and ‘equality’. Drawing on these themes, consultative mechanisms
became a feature of the policy landscape, and influential
representative and advocacy groups formed and participated in
advisory committees. Community-based programs were developed and
new Commonwealth legislation in 1986 changed the landscape for
disability services. Data on services were limited at that time;
however, new population survey-based data made people with
disability ‘visible’, comparing their experiences with the rest of
the population. The ABS Survey of Disability, Ageing and Carers
(SDAC) has proved to be a valuable resource over all decades since
its beginning in 1981.
118 Australia’s welfare 2019 data insights
The 1990s saw continuing development of legislative, policy,
administrative and, increasingly, statistical infrastructure to
operationalise the ideals that were now well articulated nationally
and internationally; for example, in the Disability Discrimination
Act 1992. National collaboration on service provision and policy
was formalised, with the Commonwealth/State Disability Agreement
(CSDA) setting out shared responsibilities for service provision
and funding. Under the 1998 CSDA all governments committed to
collaboration on nationally consistent data collection and
In 1992, the AIHW was given responsibility for statistics on a
range of community services, including disability services. Major
reports had called for greater consistency among the various
disability data to inform policy development and program evaluation
(Baume & Kay 1995; Office of Disability 1994; Senate Standing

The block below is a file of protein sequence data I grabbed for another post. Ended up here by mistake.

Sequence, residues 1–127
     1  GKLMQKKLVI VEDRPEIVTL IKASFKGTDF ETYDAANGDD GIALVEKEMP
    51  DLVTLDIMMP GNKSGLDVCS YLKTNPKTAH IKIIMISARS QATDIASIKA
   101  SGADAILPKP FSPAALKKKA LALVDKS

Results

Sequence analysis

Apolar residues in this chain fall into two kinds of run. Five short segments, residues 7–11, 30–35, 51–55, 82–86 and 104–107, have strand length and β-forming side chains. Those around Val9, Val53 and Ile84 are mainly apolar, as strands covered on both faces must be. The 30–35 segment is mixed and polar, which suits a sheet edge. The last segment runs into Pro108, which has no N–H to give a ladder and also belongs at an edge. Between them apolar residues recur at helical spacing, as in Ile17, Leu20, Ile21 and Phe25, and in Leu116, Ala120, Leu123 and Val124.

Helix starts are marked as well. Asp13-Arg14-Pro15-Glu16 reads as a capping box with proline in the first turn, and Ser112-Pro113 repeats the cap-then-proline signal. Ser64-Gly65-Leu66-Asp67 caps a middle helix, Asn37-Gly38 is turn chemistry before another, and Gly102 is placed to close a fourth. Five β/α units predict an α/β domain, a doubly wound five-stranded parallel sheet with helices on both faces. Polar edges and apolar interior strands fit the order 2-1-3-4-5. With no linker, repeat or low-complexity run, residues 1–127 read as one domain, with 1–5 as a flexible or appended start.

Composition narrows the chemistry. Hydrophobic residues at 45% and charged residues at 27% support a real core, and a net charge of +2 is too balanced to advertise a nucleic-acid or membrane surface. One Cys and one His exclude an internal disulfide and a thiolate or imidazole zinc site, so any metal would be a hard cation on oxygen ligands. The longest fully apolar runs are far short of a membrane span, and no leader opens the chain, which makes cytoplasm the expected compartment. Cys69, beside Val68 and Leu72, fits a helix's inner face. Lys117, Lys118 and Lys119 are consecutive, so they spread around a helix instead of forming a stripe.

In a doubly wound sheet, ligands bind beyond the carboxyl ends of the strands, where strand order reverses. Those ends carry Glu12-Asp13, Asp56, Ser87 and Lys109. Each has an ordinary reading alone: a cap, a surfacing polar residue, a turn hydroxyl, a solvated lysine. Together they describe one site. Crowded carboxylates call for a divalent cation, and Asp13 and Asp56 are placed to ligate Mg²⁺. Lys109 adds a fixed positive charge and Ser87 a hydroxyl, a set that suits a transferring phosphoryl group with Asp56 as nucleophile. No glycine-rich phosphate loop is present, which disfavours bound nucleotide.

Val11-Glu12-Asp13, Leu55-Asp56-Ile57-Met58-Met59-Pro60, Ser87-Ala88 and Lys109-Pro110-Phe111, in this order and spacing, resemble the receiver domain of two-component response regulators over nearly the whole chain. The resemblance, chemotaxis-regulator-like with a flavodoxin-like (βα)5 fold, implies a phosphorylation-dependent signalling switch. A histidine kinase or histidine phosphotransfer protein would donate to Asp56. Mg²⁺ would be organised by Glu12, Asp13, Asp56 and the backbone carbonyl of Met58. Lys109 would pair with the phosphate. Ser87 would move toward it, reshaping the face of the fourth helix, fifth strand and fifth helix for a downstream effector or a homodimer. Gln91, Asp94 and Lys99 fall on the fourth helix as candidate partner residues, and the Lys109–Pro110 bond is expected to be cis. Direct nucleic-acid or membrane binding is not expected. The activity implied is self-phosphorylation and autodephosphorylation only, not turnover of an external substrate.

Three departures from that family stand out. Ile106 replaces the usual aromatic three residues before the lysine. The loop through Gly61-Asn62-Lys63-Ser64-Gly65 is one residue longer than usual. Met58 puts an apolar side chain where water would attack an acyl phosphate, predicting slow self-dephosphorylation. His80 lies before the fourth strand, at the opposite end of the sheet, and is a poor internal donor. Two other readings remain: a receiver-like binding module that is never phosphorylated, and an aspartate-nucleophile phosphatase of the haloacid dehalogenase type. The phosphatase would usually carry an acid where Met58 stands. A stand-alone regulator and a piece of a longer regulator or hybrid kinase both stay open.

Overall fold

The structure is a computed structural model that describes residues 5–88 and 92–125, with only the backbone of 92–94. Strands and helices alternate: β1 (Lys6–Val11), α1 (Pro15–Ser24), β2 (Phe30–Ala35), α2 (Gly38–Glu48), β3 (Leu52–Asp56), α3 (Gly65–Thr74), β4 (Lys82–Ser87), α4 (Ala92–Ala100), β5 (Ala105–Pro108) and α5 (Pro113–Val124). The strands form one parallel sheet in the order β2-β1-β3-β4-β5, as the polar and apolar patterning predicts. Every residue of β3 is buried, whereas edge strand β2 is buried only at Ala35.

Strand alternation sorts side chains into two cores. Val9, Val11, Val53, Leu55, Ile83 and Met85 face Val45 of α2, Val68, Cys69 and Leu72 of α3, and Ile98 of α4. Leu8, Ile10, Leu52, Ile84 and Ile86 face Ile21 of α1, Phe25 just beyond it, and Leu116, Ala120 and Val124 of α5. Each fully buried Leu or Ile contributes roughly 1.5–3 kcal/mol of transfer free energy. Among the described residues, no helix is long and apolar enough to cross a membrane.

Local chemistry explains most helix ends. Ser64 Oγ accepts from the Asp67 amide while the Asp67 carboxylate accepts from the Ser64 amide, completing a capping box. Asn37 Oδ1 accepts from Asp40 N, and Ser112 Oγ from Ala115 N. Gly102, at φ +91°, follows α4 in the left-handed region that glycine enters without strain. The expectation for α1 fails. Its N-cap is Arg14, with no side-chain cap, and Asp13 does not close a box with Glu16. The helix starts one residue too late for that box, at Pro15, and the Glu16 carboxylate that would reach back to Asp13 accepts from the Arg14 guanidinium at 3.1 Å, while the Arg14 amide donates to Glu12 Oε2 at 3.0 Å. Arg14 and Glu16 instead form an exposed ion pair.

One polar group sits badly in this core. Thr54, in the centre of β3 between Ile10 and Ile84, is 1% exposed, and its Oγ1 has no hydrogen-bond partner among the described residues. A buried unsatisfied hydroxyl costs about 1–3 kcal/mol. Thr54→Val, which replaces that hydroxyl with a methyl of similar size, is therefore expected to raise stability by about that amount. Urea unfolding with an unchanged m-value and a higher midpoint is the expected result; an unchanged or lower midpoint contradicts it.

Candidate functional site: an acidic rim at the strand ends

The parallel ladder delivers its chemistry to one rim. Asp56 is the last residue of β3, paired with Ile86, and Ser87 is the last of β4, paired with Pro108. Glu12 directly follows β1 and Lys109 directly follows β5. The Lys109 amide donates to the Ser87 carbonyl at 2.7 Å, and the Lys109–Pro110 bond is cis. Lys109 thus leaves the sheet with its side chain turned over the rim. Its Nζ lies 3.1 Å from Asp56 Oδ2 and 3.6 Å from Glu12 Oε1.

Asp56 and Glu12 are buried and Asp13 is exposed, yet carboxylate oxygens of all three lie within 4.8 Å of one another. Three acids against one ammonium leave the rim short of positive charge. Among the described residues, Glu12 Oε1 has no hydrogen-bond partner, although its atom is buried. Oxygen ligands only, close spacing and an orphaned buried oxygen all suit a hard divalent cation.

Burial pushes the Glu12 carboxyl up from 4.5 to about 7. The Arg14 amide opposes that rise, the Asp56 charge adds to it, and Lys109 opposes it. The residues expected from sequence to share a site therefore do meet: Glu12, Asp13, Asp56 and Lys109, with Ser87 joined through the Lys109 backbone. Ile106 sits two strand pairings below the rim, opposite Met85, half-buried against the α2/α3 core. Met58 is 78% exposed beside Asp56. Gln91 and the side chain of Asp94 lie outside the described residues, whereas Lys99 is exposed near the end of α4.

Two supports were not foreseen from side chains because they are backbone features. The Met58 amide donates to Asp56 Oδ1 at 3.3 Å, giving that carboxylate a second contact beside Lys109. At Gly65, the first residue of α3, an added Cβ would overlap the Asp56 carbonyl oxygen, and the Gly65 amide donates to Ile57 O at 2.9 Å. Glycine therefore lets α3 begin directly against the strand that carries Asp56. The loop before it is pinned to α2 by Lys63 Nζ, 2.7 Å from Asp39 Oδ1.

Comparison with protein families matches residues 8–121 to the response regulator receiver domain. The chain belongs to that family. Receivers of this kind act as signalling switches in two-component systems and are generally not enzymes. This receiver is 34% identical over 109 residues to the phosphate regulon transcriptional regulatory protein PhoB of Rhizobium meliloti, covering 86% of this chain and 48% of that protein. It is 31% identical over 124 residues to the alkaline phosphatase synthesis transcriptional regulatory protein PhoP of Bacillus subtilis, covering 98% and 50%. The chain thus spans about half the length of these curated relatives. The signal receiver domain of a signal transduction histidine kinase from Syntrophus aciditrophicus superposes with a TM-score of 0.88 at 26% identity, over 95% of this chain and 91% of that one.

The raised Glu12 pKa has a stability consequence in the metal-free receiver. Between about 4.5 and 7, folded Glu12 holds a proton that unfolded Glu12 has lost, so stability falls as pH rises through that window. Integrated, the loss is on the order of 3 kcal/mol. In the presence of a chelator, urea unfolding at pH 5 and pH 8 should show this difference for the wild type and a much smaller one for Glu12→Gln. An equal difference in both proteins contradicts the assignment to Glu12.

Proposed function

Committee on Community Affairs 1992). The AIHW responded with work
on definitions, classifications and national data standards.
Advisory arrangements were established to enable the AIHW to
collaborate on disability data, definitions and consistency,
including with representatives of governments, disability groups
and non-government organisations (NGOs) (Box 6.1).
Box 6.1: Collaboration—promoting quality in data design and
Collaboration and consultation have been hallmarks of the
disability field in Australia for decades. Advisory and
consultative mechanisms have broadened the input into policy
development processes and data design. National agreements among
governments have ensured collaboration on policy, service delivery
and the design of nationally consistent data. The best results in
all these areas are achieved when all stakeholders are informed and
enabled to contribute to design and improvement (AIHW 2007a).
The ABS and the AIHW have advisory groups that include subject